Last week at the Web 2.0 Expo, Yahoo (NSDQ: YHOO) took the wraps off its new social initiative dubbed Yahoo! Open Strategy — but it’s not a social network! “The world doesn’t need another social network,” said Jeff Weiner, Network Division EVP of Yahoo, during a Q&A with ContentNext Co-Editor and EVP Staci Kramer at EconSM. Whether that’s true or not, Y!OS is not Yahoo! 360 redux (or so the company hopes). All in all, it’s rather Facebookish, as Weiner talked about leveraging Yahoo’s “social graph” and its unique data.
Consumers: So how will this change the user experience on Yahoo? Weiner: “Anecdotally, think of the last time you were on Facebook… everything you see on Facebook is cause you put it there.” This is compared to Yahoo.com, where basically nothing is put there because the user wanted it (my.yahoo is an exception). But don’t expect the Facebook model to replace Yahoo’s model, as Weiner insisted that the two systems aren’t mutually exclusive. A very clear change coming down the pike: Yahoo will move towards single user profiles (this seems pretty necessary to really build up the social experience), rather than its current fragmented system: “We have over 25 different profile experiences on Yahoo.com.” These include Mail, Chat, Groups, and several others.
Past failures: There are plenty of reasons why Yahoo 360 failed to take off. The product lacked a clear idea of what it wanted to be, and it was too Yahoo-focused, not drawing in content from elsewhere on the web. It also can be chalked up to Yahoo’s internal organization, which was previously broken up into too many silos, preventing any horizontal social experience.
The business rationale: All of this talk of getting more social is nice, and bloggers like to write about it, but how will this play to Wall St., which, in the event that Yahoo is a standalone company going forward, is mainly concerned about dollar signs. Weiner didn’t have a planned answer for this, and his vision for how Yahoo will profit sounded a tad Beaconish: ‘The company serving (the ads) can glean the intention to better serve that advertising. One of he challenges a lot of the social exchanges (is) it’s very difficult to abstract the intention… we are in strong position to understand the intention and monetize that intention.” Good luck with that.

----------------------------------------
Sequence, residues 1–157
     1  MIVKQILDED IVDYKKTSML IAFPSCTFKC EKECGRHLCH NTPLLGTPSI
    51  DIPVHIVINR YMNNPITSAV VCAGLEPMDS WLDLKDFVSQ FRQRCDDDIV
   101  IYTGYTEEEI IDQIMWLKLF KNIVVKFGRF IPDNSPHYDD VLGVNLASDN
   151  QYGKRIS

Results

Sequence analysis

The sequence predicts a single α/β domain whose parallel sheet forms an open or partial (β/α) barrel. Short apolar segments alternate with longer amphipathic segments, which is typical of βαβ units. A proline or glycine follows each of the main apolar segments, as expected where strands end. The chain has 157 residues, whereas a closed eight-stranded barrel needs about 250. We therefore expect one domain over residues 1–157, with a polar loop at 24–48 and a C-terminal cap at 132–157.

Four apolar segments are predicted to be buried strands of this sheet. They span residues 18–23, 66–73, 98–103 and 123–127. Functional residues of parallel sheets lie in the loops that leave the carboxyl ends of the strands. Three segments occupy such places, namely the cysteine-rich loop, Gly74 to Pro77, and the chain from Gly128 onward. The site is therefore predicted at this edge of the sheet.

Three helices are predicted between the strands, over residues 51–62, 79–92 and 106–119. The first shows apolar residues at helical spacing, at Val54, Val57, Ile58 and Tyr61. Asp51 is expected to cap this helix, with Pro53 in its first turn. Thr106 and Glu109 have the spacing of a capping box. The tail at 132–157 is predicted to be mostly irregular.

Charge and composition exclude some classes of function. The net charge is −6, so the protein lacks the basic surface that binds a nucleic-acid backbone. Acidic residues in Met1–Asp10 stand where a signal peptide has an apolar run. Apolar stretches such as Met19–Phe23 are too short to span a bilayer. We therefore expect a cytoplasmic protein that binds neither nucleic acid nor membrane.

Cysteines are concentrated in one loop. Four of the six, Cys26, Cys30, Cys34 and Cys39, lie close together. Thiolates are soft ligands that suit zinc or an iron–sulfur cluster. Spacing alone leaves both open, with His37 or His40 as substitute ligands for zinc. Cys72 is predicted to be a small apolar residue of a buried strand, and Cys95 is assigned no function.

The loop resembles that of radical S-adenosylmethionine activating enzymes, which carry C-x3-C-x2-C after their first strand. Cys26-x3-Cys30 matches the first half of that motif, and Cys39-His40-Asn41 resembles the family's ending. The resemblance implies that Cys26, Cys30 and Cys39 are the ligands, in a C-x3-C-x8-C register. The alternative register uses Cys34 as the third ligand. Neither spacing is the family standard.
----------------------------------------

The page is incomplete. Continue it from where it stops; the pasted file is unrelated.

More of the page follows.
If Yahoo were a restaurant: During the audience Q&A, Kara Swisher poked fun at the endless stream of product announcements that come out of Yahoo, many of which are good ideas, but lack coherence. She suggested that before long, Yahoo will likely open a chain of restaurants. When Weiner asked back what kind of restaurant the company would have, Kara shot back with (arguably the line of the day): “If Yahoo were a restaurant, they’d serve everything.”
Microsoft: This is the big question that matters, but no news made here, might as well save it for last: “I’m not going to be able to comment on any deal speculation.” Weiner did argue that Ballmer’s wielding a sword over the company’s head hasn’t distracted the company from its new initiative. Yang said as much as well during last week’s conference call.